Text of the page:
Biden has also called on Trump to provide complete information on test status across the country, “including number of trials completed, results and average wait times for results.” The federal government does not systematically provide this information.

And Biden has called for a greater federal role in the supply of medical supplies, proposing the creation of a “Supply Command to command the national supply chain.” Trump has bragged about how well the federal government has supported supplies, but he also stressed that states should play a leading role in obtaining them.

Biden and masked mission

Trump said that Biden wants to impose a federal mandate to force people to wear masks, questioning a president’s authority to do so.

Mr. Trump said of Biden: “He wants the President of the United States with just one brush, ordering more than 300 million US citizens to wear masks for at least 3 consecutive months.”

“I guess this just happened, he thought it was good politics, I guess,” Trump continued.

The first event: On Thursday, Biden to speak that the governors – not the federal government – should impose a masking mandate. However, in June, Biden said he would commission the mask “from an executive standpoint.”

In a speech on the coronavirus on Thursday, Biden argued that “every governor should require mandatory masks.”

“Every American should wear a mask when outdoors for at least the next three months,” Biden also said. “It’s not your right, it’s about your responsibility as an American.”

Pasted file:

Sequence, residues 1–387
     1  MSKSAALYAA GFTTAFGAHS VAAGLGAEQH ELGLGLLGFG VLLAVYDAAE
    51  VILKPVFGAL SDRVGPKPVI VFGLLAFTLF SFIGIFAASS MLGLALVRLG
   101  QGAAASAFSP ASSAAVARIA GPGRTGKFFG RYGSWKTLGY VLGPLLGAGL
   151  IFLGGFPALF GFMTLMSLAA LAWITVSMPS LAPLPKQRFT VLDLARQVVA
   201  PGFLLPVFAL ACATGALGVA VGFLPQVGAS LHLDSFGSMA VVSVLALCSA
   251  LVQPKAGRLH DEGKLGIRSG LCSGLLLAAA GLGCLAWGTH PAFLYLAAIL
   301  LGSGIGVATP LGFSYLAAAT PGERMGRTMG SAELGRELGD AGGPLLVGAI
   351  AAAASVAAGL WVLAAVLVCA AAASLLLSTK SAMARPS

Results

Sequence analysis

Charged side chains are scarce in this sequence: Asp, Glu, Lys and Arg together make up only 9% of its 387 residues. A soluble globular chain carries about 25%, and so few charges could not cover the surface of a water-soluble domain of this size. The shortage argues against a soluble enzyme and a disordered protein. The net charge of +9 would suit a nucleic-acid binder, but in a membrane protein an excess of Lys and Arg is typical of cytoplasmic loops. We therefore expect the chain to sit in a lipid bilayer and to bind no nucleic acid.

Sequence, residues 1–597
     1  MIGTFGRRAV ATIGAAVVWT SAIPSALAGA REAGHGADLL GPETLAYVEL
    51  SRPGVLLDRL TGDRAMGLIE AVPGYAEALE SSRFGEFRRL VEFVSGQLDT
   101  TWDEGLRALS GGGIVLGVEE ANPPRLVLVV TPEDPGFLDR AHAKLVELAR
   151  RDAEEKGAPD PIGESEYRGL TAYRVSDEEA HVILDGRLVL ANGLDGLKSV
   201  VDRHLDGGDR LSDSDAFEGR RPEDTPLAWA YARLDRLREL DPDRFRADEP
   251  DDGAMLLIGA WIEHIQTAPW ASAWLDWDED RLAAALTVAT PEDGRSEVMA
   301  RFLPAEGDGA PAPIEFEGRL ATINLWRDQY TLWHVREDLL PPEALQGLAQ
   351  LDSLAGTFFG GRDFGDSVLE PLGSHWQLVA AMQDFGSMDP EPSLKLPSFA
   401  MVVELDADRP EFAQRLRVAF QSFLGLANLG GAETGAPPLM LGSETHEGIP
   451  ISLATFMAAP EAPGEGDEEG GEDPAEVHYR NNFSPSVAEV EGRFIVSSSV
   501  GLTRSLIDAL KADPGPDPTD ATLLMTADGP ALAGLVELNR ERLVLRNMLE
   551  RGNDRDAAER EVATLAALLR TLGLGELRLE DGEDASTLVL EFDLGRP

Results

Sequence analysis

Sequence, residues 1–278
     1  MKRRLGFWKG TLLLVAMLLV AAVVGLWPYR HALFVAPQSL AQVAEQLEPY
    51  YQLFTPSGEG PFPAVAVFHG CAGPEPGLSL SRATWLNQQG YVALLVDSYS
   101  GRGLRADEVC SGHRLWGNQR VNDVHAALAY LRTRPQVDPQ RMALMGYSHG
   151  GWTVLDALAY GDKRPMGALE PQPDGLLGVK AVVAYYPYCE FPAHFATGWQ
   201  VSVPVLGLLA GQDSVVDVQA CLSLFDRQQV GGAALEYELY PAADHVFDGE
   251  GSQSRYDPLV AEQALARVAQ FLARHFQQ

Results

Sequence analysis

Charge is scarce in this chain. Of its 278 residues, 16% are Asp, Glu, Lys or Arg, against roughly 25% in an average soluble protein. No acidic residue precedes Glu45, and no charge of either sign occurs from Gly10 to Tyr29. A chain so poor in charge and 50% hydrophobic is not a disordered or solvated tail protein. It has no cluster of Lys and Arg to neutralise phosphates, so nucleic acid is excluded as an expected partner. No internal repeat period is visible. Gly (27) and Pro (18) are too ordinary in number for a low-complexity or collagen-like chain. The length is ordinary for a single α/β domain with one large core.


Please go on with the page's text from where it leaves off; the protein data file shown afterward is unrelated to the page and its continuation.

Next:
When asked by CNN branch in Pittsburgh, KDKA on June 26 whether he would use his federal leverage to force the masking on, Biden said he would. “Yes, I would. From an executive point of view, yes, I would,” said Biden.

Biden was asked again if he was “required to wear a mask”, he replied, “I will do everything. [possible] to require people to wear masks in public. ”

Biden, immigration and pandemic

Trump claims that Biden’s immigration policy, which Trump describes as “ridiculously open borders”, will “allow the pandemic to infiltrate every community of the United States.”

The first event: The coronavirus virus has spread to every state of the United States under Trump’s immigration policy; There is no basis for proposing that Biden’s immigration policy will be the cause of the pandemic’s survival across the country. And while Biden is proposing a much less restrictive immigration policy than Trump, he isn’t proposing completely unregulated immigration, like Trump. repeat statement “open border” shows.

Biden and the press

The president, who has been answering questions from the press each evening this week, criticized Biden for allegedly doing the opposite.

“He refused to ask questions. He never asked questions,” Trump said. “I ask questions, he never questions. And you’ll wonder what’s going on because they’re not that hard. Some might be annoying, but they’re not that hard.”